In applying these principles, we need not decide in this case whether pathological gambling is a "mental disease or defect" under the ALI test; whether in relation to some conduct it might constitute an effective insanity defense; and whether Gould was afflicted with the disorder at the critical times.5 We need address only the narrow question whether, applying the test of foundational relevance described in Part II, the general hypothesis that pathological gambling may deprive some persons of the capacity to conform their conduct to the requirements of the law prohibiting such conduct as the entry of banks with the intent to rob or steal, was shown to have substantial acceptance in the relevant scientific discipline. We hold that it was not, and that the evidence offered to raise the insanity defense was therefore properly excluded from jury consideration.6
The evidence from which relevance under this test could have been found was of two kinds: documentary evidence in the form of excerpts from the 1980 third edition of the American Psychiatric Association Diagnostic and Statistical Manual of Mental Disorders (DSM-III), and expert testimonial evidence. We look to these in order.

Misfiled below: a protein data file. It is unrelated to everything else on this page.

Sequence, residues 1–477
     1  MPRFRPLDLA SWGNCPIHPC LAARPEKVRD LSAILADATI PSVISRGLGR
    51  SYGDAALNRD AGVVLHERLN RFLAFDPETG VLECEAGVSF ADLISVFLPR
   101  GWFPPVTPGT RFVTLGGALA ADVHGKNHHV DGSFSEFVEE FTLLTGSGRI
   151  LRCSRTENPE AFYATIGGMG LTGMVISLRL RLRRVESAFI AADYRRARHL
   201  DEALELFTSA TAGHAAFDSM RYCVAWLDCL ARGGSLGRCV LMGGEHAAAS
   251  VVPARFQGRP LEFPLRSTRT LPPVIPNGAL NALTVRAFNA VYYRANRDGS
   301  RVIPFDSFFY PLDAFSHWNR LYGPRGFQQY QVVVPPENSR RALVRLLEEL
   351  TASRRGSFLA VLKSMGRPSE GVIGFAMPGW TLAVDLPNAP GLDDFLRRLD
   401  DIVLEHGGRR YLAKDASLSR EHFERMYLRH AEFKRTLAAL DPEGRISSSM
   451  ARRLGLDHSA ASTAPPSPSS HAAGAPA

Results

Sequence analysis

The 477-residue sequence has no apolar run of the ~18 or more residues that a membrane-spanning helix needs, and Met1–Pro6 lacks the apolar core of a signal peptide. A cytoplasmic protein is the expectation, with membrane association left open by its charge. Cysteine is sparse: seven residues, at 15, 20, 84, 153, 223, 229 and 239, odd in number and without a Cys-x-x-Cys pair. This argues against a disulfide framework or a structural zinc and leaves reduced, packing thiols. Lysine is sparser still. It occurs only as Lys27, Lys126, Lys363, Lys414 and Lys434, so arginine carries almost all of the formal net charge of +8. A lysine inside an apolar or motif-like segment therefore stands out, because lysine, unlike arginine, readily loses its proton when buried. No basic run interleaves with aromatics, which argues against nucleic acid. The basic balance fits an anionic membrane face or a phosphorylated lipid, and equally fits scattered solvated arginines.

Pathological gambling was not included in DSM's until the 1980 edition. In that edition it is described as
a chronic and progressive failure to resist impulses to gamble and gambling behavior that compromises, disrupts, or damages personal, family, or vocational pursuits. The gambling preoccupation, urge, and activity increase during periods of stress. Problems that arise as a result of the gambling lead to an intensification of the gambling behavior. Characteristic problems include loss of work due to absences in order to gamble, defaulting on debts and other financial responsibilities, disrupted family relationships, borrowing money from illegal sources, forgery, fraud, embezzlement, and income tax evasion.
Commonly these individuals have the attitude that money causes and is also the solution to all their problems. As the gambling increases, the individual is usually forced to lie in order to obtain money and to continue gambling, but hides the extent of the gambling. There is no serious attempt to budget or save money. When borrowing resources are strained, antisocial behavior in order to obtain money for more gambling is likely. Any criminal behavior--e.g., forgery, embezzlement, or fraud--is typically nonviolent. There is a conscious intent to return or repay the money.
DSM-III also provides the criteria for diagnosing pathological gambling. These include:
A. The individual is chronically and progressively unable to resist impulses to gamble.
B. Gambling compromises, disrupts, or damages family, personal, and vocational pursuits, as indicated by at least three of the following:
(1) arrest for forgery, fraud, embezzlement, or income tax evasion due to attempts to obtain money for gambling